BLAZE AT THE BIG TOP: Woman recalls horror of 1944 Hartford, Conn., circus fire
The crowd rushes from a flaming Ringling Brothers tent during the 1944 Hartford circus fire, which claimed the lives of nearly 170 people and injured more than 700 others.
Tim Damos, News Republic
July 3, 2012
As the crowd rushed from the blazing circus tent, 10-year-old Catriona Sieracki stood frozen at the edge of the grandstand.
She knew her only chance to make it out of the inferno alive was to jump from the bleachers onto the lions’ cage, then get to the ground and dash for daylight.
But she couldn’t muster the courage to leap.
A man who had been sitting next to her as the Flying Wallendas performed their death-defying stunt act — before the fire broke out — now stood behind Sieracki as the audience flocked toward the exits.
“I just remember he gave me a push,” she said. That forced her to hop down and escape the tent before it was fully engulfed.
Sixty-eight years later, Sieracki said she never learned the man’s name and doesn’t know what became of him. But she recalls many details of the historic blaze, which occurred on July 6, 1944, in Hartford, Conn., and claimed the lives of almost 170 people.
As she sat near several heat-damaged folding chairs that were recovered from the Hartford fire — now kept at Circus World’s Robert L. Parkinson Library and Research Center in Baraboo — Sieracki described her experience during what is known as the worst tragedy in circus history.
Sieracki’s tale of survival will soon become part of the historic record following a recorded interview with Circus World staff.
Stars and Stripes
Now 78 years old and living in Manitowoc, Sieracki’s memory of that fateful day is remarkably vivid.
Over the years, she has told her version of events to friends and family in details so specific that when her son, Carl, finally saw a home camera’s grainy footage of the fire, it was exactly as he imagined.
“It was as if I had seen it before, because it was so well-described,” Carl said.
The 10-year-old Catriona — along with her mother and cousin — traveled from their home in the nearby city of New Britain to Hartford that hot summer day to see the Ringling Brothers Circus.
As she sat in the grandstand, Sieracki said, she saw fire streak across the opposite side of the tent. One of the Wallendas was on his way up to perform a stunt, she said, but began to descend as soon as he saw trouble.
Sieracki recalls the circus band began to play “Stars and Stripes Forever” — known as the circus disaster march — as her mother guided her out of the tent, which was the size of two football fields.
Circus World ringmaster David SaLoutos, who has researched the Hartford fire, said the band’s song switch was a circus tradition designed to alert staff to a problem without sending the audience into a panic.
“It’s the one piece every musician knows by heart,” he said.
Circus World’s library contains a piece of singed sheet music that was on the band leader’s music stand when the fire started.
Once outside in the hot sun, Catriona and her cousin were ordered to run about 400 feet from the tent and take cover in some bushes. Once her mother gave permission, they returned to the scene.
“We walked back,” Catriona said, recalling the sound of sirens. “There was nothing left but smoldering ashes... I just remember seeing the piles of ashes and it was still burning and hot.”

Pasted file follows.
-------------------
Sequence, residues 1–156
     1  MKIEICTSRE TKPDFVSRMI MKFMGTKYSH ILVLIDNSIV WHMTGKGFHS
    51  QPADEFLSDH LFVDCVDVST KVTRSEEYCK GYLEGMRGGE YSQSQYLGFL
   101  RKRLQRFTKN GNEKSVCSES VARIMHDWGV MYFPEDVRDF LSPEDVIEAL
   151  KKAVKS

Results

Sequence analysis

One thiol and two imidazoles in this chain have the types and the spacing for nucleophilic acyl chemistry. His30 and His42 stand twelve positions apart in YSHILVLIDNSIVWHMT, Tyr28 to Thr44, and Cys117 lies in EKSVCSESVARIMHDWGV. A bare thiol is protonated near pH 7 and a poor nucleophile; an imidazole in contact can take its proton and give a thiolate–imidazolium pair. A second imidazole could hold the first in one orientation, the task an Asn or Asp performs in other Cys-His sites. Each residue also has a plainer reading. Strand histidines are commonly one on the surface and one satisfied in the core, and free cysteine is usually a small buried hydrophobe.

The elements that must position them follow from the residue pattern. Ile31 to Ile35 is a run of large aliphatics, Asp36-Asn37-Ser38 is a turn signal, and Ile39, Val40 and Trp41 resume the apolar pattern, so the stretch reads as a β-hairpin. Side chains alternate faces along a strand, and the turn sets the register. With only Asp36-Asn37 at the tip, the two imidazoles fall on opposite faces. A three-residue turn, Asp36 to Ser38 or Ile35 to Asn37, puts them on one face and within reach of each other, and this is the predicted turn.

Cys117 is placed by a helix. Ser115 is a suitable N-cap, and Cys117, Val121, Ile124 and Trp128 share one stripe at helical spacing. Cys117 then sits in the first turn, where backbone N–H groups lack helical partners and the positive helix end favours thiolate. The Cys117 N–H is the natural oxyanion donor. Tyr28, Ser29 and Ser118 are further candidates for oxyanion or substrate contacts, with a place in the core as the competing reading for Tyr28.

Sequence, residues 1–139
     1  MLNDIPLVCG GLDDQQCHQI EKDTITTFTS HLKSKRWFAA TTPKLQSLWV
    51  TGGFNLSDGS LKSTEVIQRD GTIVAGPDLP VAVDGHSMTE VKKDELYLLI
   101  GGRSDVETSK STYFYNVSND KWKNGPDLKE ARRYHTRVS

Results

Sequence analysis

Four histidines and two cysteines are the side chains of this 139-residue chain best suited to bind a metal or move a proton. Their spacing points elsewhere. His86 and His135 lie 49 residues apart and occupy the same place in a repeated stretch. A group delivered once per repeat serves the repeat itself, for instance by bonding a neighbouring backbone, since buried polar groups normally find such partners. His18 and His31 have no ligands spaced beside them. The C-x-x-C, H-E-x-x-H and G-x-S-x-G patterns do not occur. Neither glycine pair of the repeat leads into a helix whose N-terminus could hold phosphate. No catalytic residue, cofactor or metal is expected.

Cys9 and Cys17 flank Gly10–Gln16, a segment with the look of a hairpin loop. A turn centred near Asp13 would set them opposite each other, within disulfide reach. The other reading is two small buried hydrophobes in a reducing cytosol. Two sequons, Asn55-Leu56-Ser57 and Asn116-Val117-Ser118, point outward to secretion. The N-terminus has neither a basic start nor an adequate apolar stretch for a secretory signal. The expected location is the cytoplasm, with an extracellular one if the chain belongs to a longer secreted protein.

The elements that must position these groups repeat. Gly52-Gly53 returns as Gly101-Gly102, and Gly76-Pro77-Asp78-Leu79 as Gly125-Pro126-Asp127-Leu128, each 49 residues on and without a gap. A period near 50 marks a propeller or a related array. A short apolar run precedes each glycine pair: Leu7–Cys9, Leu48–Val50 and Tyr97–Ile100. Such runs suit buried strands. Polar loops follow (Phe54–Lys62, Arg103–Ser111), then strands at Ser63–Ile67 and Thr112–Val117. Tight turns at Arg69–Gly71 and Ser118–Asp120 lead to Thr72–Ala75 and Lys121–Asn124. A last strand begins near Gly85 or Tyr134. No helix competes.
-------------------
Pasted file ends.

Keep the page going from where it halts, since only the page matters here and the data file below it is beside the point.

Catriona’s mother searched for a phone to call her husband. But in those days, when an emergency occurred, phone lines were occupied by first responders. She couldn’t get through.
Eventually, they drove to a nearby town to call him.
After taking the children home, Catriona’s mother — a trained Red Cross aide — went back to the scene to help victims. More than 700 people were injured in the blaze.
Five Ringling Brothers executives and employees were charged with involuntary manslaughter. Four were convicted but later pardoned. The circus paid nearly $5 million in claims to the victims and their families.
‘He saw a red man’
The Ringling Brothers’ tent had been coated with a flammable solution that was intended to protect it from rain. To matters worse, fire extinguishers that ordinarily were brought into the tent were left in the circus train that day.
Although most agree it was this unfortunate combination that allowed the fire to spread rapidly, the origin of the blaze has remained in doubt for the past 68 years.
Robert Dale Segee, a deranged former circus employee, confessed in 1950 that he had set the fire. A convicted arsonist, Segee said he unconsciously lit the tent after he experienced a nightmare.
“He saw a red man, and the red man would tell him to do things,” Circus World archivist Pete Shrake said.
Segee later recanted his confession. He was convicted of separate arson charges in Ohio, but never was proven guilty of setting the Hartford fire. Investigators doubted his confession because of his mental illness.
A sense of gratitude
Catriona knew of a handful of people from her hometown who were killed in the Hartford fire, including a little boy who she described as “cute” and has never forgotten.
For years, certain events triggered her memory of the fire, including a circus in another town years later.
“When I walked into that tent, even though it was in a different town, it brought back all sorts of memories,” she said as she recalled a light that started to burn during that performance. “I was almost out of my seat when I saw that, but nothing happened.”
In the days leading up to the Hartford fire, Catriona had learned to play a song on the piano that was stuck in her head that day. To this day, the jingle makes her sick to her stomach.
Although many of her memories from that day are unsettling, Catriona remembers the man who nudged her from the grandstands with a sense of gratitude.
“Whoever he is, thank you,” she said.